This month, 70 years ago, a letter was placed in The Times announcing the formation of the British Sociological Association. One can only imagine the utter excitement the thirteen signatories must have felt. No doubt the association that we are today (with annual conferences attracting around 800 delegates, a regular programme of about 50 other events, vibrant networks of over 50 specialist research study groups, four journals, prestigious prizes celebrating achievements in writing and lives devoted to Sociology) would have been the kind that they dreamt of. Sociology has gone from strength to strength and both the discipline and the association have stood the test of time. As we celebrate our 70th, we look forward to the next 70 years with equal zeal. Well done Sociology, well done sociologists, well done members, well done the BSA!
Read the full text of the letter to The Times below.
TO THE EDITOR OF THE TIMES
Sir, – We hope you will grant us space in your columns in order to draw the attention of your readers to the founding of the British Sociological Association. This body, formed as the result of widely representative meetings held in London, aims at promoting interest in sociology, at advancing its study and application in this country, and at encouraging contact and cooperation between workers in all relevant fields of inquiry. Although there are at present relatively few professional sociologists in this country, the social developments and legislative reforms of recent years have greatly stimulated interest in sociological theory and research both among the representatives of other academic disciplines and among the general public. The new association believes that it can render valuable service by providing opportunities for the discussion of both theoretical and practical problems, by helping those who are interested in such questions to get into touch with the work of others engaged in studies similar to their own, and by promoting the coordination of research in a manner calculated to make results comparable. It is by such means as these that individual investigations can become cumulative in their effects and may thus lead gradually to the development of a systematic study of society.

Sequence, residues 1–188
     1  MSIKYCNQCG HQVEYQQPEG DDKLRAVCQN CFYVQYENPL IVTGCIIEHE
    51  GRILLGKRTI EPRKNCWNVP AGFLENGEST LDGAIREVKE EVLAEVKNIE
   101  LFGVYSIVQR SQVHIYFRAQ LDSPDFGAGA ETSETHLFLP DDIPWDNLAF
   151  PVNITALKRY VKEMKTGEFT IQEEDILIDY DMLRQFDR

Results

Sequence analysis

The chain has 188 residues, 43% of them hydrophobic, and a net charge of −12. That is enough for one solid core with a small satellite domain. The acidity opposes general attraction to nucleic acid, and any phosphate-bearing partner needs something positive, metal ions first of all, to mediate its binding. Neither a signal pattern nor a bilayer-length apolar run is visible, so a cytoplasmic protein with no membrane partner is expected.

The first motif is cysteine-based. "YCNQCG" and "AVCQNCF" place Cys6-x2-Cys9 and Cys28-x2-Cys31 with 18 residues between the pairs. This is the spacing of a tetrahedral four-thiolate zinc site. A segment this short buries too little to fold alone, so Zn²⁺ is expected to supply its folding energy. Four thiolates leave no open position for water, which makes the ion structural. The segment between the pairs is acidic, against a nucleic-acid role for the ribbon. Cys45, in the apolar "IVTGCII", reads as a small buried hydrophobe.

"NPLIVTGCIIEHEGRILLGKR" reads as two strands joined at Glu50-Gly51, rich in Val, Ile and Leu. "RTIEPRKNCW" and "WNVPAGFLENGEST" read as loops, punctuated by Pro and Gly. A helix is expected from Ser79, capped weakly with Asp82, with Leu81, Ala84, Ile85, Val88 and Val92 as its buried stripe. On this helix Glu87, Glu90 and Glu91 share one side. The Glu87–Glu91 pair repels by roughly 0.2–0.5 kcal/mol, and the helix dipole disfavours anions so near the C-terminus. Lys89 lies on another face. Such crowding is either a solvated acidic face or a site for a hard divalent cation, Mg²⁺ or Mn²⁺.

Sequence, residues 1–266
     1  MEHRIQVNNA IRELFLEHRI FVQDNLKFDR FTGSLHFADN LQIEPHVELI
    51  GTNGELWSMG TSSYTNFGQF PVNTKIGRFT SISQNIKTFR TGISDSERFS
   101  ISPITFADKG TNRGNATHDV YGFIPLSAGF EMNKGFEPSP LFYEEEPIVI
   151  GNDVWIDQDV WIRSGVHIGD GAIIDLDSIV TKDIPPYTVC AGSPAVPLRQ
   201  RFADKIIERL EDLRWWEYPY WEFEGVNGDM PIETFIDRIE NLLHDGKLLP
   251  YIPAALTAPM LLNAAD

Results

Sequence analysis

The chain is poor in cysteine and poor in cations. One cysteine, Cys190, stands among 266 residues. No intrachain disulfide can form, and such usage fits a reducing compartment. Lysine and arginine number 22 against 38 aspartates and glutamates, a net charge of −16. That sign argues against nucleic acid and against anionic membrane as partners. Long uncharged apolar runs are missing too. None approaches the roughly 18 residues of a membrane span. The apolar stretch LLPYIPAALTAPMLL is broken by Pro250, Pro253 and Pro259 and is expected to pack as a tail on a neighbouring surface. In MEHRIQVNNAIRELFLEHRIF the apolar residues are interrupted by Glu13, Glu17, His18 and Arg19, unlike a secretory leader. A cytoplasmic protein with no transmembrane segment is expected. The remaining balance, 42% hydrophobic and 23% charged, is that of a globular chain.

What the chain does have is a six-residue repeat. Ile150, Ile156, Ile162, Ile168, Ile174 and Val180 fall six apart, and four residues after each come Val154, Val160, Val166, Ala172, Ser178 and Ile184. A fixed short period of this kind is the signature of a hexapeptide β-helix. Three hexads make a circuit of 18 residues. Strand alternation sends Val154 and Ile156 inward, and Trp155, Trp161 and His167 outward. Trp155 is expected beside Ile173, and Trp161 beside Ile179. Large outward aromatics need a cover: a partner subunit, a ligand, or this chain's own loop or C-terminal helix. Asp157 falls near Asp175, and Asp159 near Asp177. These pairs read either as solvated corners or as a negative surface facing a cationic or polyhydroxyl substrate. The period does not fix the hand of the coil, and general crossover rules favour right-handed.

The scope of the association has deliberately been made very wide, in order to bring together all those who are interested in the sociological aspects of their own special subjects. It is intended to cover in this way, not only contemporary, historical, and comparative studies of social structure in the widest possible sense, but also social philosophy, psychology, and biology, human geography and criminology. The association plans to bring representatives of these various fields together in periodic national conferences and also in regular local meetings in London and the provinces. It hopes to publish papers presented at these meetings and to circulate classified bibliographies of sociological works. In addition, members and associates will be entitled to receive the British Journal of Sociology at a reduced rate. Participation in the association will be open not only to those whose training and experience qualify them to be full members, but also to others who, though not yet possessing these qualifications, have an active interest in the study of society. Further details regarding conditions of membership of the association, its aims, and the services it hopes to offer may be obtained on application to the Honorary General Secretary, British Sociological Association, Skepper House, 31, John Adam Street, London, W.C.2.
We are, yours faithfully,
A.M. CARR-SAUNDERS, V. GORDON CHILDE, RAYMOND FIRTH, M. FORTES, MORRIS GINSBERG (Chairman), D.V. GLASS, R.J. GOODMAN (Honorary General Secretary), T.H. MARSHALL, T.H.PEAR (Vice-Chairman), T.S.SIMEY (Honorary Treasurer), W.J.H. SPROTT, RICHARD M. TITMUSS, BARBARA WOOTTON